JpGU-AGU Joint Meeting 2017

Presentation information

[JJ] Poster

P (Space and Planetary Sciences) » P-PS Planetary Sciences

[P-PS08] [JJ] Lunar science and exploration

Sat. May 20, 2017 5:15 PM - 6:30 PM Poster Hall (International Exhibition Hall HALL7)

[PPS08-P12] Role of volatiles during late-stage crystallization of intercumulus pockets: Comparison of the NWA 773 clan of lunar meteorites with terrestrial gabbro from Murotomisaki, Japan

*Timothy Fagan1, Jun Uchida1, Takatsugu Asahi1 (1.Department of Earth Sciences, School of Education, Waseda University)

Keywords:gabbro, volatile elements, water

Introduction: Late-stage intercumulus pockets in the olivine cumulate (OC) lithology of the Northwest Africa 773 clan of lunar meteorites are enriched in incompatible elements [1]. Pyroxene crystals adjacent to the pockets are zoned, with Ti# (Ti/[Ti+Cr]) increasing and Fe# (Fe/[Fe+Mg]) remaining constant as the pockets are approached, providing an example of igneous differentiation on the Moon [1]. The pockets are also of interest because they typically contain the Ca-phosphates merrillite and apatite; apatite crystals in the pockets contain F, Cl and OH in various ratios, reflecting the composition and abundance of volatile elements during late-stage crystallization of the OC [2-4]. The presence of H2O in the apatite indicates that water was present in pockets of residual liquid trapped in the OC; however, the abundance of water and effect of water on late-stage crystallization have not been resolved.
In this study, we (1) compare late-stage pockets of NWA 773 clan OC with pockets in terrestrial gabbro from a sill in Murotomisaki, Japan [5], and (2) determine F:Cl:OH ratios in lunar apatite using low-voltage EPMA (electron probe micro-analysis; see below). The main goals are to evaluate and compare the roles of volatiles, particularly water, during late-stage crystallization in lunar and terrestrial gabbros.
Methods: We compared minerals and textures of late-stage pockets from the Murotomisaki sill with pockets from NWA 2977 and NWA 773. In this study, our main observations are based on one sample (Muro-14) collected from the coarse gabbro unit in the central part of the sill [5]. We compared Muro-14 with a polished thin section (pts) of NWA 2977, which is part of the NWA 773 clan and consists entirely of OC [6,7]. Images of minerals and textures were collected using petrographic microscopes, SEM (BSE images, Hitachi S-3400N) and EPMA (BSE and x-ray elemental maps, JEOL JXA-8900). Major element compositions in feldspar were collected by EDS using the SEM and by WDS using the EPMA. Changes in feldspar composition were compared to distance from pockets.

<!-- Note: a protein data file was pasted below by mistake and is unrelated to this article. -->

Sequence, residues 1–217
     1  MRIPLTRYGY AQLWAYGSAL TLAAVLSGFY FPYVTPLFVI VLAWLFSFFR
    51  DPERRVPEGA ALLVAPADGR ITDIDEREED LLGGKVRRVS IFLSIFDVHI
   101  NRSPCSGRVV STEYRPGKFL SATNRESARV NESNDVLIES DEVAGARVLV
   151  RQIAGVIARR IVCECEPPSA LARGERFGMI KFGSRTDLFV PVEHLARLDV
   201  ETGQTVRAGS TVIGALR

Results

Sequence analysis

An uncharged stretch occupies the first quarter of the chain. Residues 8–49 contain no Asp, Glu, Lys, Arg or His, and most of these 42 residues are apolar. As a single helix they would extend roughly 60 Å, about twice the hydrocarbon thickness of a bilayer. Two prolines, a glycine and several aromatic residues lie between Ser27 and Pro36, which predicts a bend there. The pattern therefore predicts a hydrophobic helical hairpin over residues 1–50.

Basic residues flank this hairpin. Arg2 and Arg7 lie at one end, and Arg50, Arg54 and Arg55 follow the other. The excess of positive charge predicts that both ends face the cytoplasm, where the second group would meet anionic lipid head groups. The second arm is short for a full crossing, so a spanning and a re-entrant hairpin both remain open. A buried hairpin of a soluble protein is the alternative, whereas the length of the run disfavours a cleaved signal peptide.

Determining the ratios of F, Cl and OH in apatite is difficult because F and Cl K-alpha X-rays typically vary during exposure to an electron beam [8] and OH cannot be detected by EPMA. So, we have been developing an EPMA technique (in collaboration with D. Harlov; see [9]) that uses low voltage (7 kV) to limit variations in F and Cl count rates. A small spot size (~ 1µm) is desired because of the small grain size of much apatite in NWA 773.
Results: In both Muro-14 and NWA 2977, plagioclase is zoned, with more Ab-rich compositions closer to the pockets. In NWA 2977, feldspar varies from Ab05 to Ab15, whereas the Muro-14 feldspar is much more albitic (Ab40 to Ab95). Discontinuities in zoning and porosity in feldspar closest to the Muro-14 pockets suggest that H2O-rich fluid from the pockets interacted with feldspar, resulting in albitization. Some discontinuities also occur in NWA 2977, but it is not known if feldspars adjacent to pockets in NWA 2977 interacted with a volatile-rich fluid.
Most analyses of apatite in NWA 773 are F-rich, but variations in F/Cl at low OH and F/OH at low Cl occur in different petrologic settings. Data from [2] combined with our results show that NWA 773 OC pockets vary in F/OH at low Cl, suggesting some enrichment in H2O during late-stage formation of the pockets.
References: [1] Fagan T.J. et al (2014) GCA 133: 97-127. [2] Tartese R. et al (2014) MaPS 49: 2266-2289. [3] Boyce J.W. (2014) Science 344: 400-402. [4] Asahi T. (2016) Goldschmidt Conference Abstracts 115. [5] Hoshide T. et al (2006) J. Min. Pet. Sci. 101: 223-239. [6] Zhang A-C. et al (2011) MaPS 45: 1929-1947. [7] Nagaoka H. et al. (2015) Earth Planets Space 67: 200, 1-8. [8] Stormer J.C. et al (1993) Am. Min. 78: 641-648. [9] Schettler G. et al (2011) Am. Min. 96: 138-152.